The girl’s younger sister, younger than DD2, wandered over a few minutes later. Their mother was close behind. As soon as the mother saw the sandbox, her plasticky fake smile faded. It was quickly replaced with a look of utter horror. A sandbox! I heard her inward gasp of terror.

The mother rushed over to the younger child and guided her away from the evil sandbox. I could practically read her thoughts, and I’m not the least bit telepathic. There’s not enough Tide in the world to convince me to let my children play in the dirt! I’m sure that’s what she was thinking. That, or maybe, What the hell is wrong with that woman, that she’s not wiping those kids down with Purell? She should be scrubbing that horrible earth off of them right this instant. Imagine. Someone getting themselves dirty and thinking that it was fun! Oh, I need to get out of this nature-place. My shoes are getting contaminated from walking on grass. Shoes aren’t made for walking on grass. They’re made for walking in malls. We had better get the hell out of here before a bug lands near us or something. Girls! Girls!! Back to the car this instant!!!

Yep. I’m pretty sure she was thinking that, especially as I picked up the half-eaten apple DD2 had dropped on the ground. I looked at the chewed side, brushed it off a bit, and handed it back to DD2, who happily took a bite. I am pretty certain there was an audible gasp that came from the backside of the turkey-house at that moment.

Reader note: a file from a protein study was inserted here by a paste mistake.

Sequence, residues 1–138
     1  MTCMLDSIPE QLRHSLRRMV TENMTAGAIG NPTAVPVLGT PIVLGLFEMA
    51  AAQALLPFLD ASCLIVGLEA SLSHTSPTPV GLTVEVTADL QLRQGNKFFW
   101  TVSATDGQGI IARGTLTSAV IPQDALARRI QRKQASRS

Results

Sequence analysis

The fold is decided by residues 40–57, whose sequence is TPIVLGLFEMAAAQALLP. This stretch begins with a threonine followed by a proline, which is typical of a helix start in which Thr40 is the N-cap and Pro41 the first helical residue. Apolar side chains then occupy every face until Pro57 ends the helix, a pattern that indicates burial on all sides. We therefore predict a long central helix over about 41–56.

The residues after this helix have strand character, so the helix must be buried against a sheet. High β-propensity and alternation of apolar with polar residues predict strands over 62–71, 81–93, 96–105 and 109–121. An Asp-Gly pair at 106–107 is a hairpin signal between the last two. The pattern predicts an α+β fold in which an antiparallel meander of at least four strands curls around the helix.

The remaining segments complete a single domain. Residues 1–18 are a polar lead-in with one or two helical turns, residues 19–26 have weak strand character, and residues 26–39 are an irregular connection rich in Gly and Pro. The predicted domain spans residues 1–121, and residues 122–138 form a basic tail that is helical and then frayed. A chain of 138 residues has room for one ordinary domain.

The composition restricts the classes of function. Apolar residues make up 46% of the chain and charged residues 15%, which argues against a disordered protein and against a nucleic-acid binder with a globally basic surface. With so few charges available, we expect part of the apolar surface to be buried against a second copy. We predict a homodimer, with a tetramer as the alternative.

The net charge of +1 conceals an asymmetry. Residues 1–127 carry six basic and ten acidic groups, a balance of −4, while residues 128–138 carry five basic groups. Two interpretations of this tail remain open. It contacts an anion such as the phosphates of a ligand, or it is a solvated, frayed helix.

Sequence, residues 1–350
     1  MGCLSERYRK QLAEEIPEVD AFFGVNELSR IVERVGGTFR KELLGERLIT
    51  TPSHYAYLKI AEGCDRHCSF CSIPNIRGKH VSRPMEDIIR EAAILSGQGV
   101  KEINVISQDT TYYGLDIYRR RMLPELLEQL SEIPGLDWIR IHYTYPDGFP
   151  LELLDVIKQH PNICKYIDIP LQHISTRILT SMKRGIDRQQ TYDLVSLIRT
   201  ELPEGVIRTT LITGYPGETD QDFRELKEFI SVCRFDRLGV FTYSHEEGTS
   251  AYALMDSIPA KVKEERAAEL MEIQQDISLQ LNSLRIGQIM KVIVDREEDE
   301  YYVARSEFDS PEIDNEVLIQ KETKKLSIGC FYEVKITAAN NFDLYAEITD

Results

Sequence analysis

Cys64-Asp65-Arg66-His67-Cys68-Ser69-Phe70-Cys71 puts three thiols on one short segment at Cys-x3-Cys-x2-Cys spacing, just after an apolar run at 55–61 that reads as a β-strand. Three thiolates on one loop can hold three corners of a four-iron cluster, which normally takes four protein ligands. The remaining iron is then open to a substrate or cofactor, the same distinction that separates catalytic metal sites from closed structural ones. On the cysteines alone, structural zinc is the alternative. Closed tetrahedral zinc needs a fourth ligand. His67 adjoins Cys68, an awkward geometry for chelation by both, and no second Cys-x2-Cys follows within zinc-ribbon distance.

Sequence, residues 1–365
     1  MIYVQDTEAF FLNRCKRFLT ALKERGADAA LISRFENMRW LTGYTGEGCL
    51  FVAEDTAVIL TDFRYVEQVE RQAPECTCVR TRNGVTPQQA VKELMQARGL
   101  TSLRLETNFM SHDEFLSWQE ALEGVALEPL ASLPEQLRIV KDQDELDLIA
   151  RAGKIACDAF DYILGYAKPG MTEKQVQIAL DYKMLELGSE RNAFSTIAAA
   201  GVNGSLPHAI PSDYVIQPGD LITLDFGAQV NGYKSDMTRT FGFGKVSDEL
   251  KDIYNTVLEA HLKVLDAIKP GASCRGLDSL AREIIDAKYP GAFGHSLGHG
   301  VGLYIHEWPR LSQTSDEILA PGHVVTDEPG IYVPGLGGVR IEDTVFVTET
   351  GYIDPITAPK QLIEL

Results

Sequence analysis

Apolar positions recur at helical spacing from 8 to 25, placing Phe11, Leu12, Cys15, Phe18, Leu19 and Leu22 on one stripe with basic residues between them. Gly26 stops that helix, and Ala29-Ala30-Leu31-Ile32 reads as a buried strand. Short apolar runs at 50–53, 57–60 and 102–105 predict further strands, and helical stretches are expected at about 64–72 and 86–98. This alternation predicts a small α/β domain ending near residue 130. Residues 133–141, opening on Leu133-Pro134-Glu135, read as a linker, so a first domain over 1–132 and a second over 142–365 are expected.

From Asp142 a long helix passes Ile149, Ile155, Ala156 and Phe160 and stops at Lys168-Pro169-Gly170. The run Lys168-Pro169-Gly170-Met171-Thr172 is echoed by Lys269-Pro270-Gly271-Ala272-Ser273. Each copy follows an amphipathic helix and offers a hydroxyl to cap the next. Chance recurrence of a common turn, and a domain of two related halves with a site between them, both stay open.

Anyway, the girlie girls and their mother left, so we had the sandbox to ourselves again. A few minutes later, two more girls came over. They were about the same age as my kids, about 3 1/2 and 2, and much friendlier. The older girl took her shoes right off and came into the sandbox, but stopped as soon as she realized that she was getting dirty. She was standing there, arms in mid-dig, looking down at her darkened feet. Her sister peeked in from over the edge of the sandbox, but didn’t come in.

Of course, their mother came following behind, and there was another stifled gasp from the back door of the turkey-house. “Mother!” she whispered fiercely, “there’s a sandbox back here!” The grandmother’s head appeared next to her daughter’s, and they conferred about the best course of action to take to keep their girls from getting Dirty. Eventually, the mother just called them.

“You’re a tricky girl,” she told her older daughter as she reattached shoes on the now-dirty feet. “A tricky, tricky girl.” She guided them back up the ramp that led back into the turkey-house. They left shortly after that.